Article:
Help me make fried chicken.

I like that bit about finishing it in the oven. How long (roughly) do you keep it in there?

I think it was about 15 minutes or so, but I’m not sure. I temp check it with an instant read thermometer, when it hits 165 (f) internal, I (usually) serve dinner.
Last night I started the (box) mac and cheese a little late, so when the chicken hit 165 (F) internal, I put the oven on warm and finished making the sides.


I can’t take credit for that tip… A retired chef friend told me about that.

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Tough time to start the oven in the hotter dessert. I’ve been thinking of getting a fryer ,of sorts, outside. I’d be worried that a wide rocket stove would allow grease to penetrate the block and become a fire hazard. Me, crying about 90 degree heat. Smokey Joe was my best buddy today.

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Having read this far in replies, I’d say that MunchkinRedux hits most of the points I’d offer, except that I do not bother with a lid. What I especially endorse is the idea of seeking out a smaller chicken than those behemoths that plague our USA grocers. Countless chef’s recipes say to start with a bird about 3 pounds. Just TRY to find one of those at retail.

In the course of my lifetime (I’'m 60), so called “fryer” chickens have grown from 3-ish lbs to 4.5-5.5lbs minimum. And there is not practical size difference between fryers and roasters anymore. So in frying, the crust–to-chicken-mass balance is all out of whack.

For the pan method you’re describing, I say get a small whole bird, no more than 4lbs if possible, part it out and soak it several hours in seasoned buttermilk if you can (or milk with a Tablespoon of vinegar/lemon juice per cup of milk), set your oil to about 340ºF/170ºC and at a depth level (about 3/8"/1/2") where a proper small bird can fill out the pan nicely to displace the oil. The size of the bird matters here in relation to the pan, and I find that the right bird can go into a 12" cast iron skillet drums/thighs/breasts/wings and be half submerged. The oil temperature will drop, so modestly turn up the heat briefly and keep the oil at 325º as best you can. Timing depends on bird size, of course, but I spitball an estimate of 5-6 minutes per side, and I usually pay as much attention to the color of the coating as to the meat temperature until near the end. Let it rest on paper towels or a rack for a good long time (20 minutes+), as carryover cooking is your friend, and, damn, chicken just stays hot a long time for some reason.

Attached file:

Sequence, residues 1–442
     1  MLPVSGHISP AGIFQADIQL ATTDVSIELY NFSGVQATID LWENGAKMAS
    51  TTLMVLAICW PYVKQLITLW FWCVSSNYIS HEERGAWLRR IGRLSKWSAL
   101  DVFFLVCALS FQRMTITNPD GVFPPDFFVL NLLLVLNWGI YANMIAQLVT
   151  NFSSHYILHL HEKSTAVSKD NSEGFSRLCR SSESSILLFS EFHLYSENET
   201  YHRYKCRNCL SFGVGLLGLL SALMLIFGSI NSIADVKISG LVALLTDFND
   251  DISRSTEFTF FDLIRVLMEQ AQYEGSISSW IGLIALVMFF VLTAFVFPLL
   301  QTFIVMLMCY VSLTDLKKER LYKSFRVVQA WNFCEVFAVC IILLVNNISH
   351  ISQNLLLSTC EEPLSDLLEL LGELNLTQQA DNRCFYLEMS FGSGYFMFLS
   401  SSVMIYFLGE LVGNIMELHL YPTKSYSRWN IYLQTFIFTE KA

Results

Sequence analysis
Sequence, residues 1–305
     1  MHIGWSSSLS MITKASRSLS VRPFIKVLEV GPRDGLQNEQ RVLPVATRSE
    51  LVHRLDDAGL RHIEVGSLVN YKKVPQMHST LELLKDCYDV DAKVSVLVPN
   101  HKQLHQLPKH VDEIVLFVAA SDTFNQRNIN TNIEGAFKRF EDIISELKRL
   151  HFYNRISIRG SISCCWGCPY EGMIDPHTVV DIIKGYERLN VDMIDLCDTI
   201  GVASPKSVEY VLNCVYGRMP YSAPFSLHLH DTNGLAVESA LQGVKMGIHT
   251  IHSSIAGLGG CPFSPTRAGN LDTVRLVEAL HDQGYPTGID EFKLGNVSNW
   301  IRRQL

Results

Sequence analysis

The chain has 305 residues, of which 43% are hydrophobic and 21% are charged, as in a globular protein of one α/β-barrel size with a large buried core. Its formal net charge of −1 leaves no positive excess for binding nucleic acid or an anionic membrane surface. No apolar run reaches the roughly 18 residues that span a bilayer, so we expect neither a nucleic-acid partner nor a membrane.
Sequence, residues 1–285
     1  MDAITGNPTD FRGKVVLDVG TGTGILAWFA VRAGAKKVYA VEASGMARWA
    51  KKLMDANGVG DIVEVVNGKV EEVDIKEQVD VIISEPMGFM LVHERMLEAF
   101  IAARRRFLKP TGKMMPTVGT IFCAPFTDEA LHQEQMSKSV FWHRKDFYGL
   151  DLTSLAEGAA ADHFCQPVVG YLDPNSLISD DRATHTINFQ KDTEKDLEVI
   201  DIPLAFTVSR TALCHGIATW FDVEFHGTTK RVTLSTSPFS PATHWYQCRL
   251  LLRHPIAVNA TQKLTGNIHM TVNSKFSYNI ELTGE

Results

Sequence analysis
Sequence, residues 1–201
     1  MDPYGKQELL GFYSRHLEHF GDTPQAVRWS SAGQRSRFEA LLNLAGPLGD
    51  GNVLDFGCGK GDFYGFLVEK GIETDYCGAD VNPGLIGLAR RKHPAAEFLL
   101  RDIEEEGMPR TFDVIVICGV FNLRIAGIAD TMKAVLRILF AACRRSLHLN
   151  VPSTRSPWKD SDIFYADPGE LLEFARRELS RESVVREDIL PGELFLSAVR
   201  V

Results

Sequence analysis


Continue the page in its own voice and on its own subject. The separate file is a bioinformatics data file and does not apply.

I mean to try soon a method extolled at Hot Thai Kitchen on YouTube, which involves Thai flavors and a rice-flour batter (therefore something to offer my gluten-free mother. It’s done in a wok:

Good luck, and Buon appetito!


You are correct… I think we are on our 25th day of temperatures over 110 degrees (F).
For me… I’m utilizing an Evaporative Cooler. It exchanges/pushes the hot air (in the house) out an open window, replacing it with cooler fresh air. It uses substantially less electricity than an air conditioning system. An evap cooler does have its drawbacks, but (for me) the advantages outweigh the disadvantages.
So yes, the kitchen does heat up a little bit. After dinner is served, I’ll set up a box fan to help push the hot air out of the kitchen and the evap cooler’s centrifugal fan will push it out the rest of the way.


I think Mary’s Fryers run 3-4 lbs.
If you have local growers they often have smaller birds or will “dispatch” one for you.

Invest in an electric skillet if you want to perfect fried chicken. I’m envious of those that can make great fried chicken in a cast iron pan on the stove.


I’ve tried to make homemade fried chicken several times and have never had success. I’ve done Alton Brown’s recipe at least twice and Thomas Keller’s ad hoc one once. I’m going to try the ad hoc one again for Thomas Keller COTM. We shall see.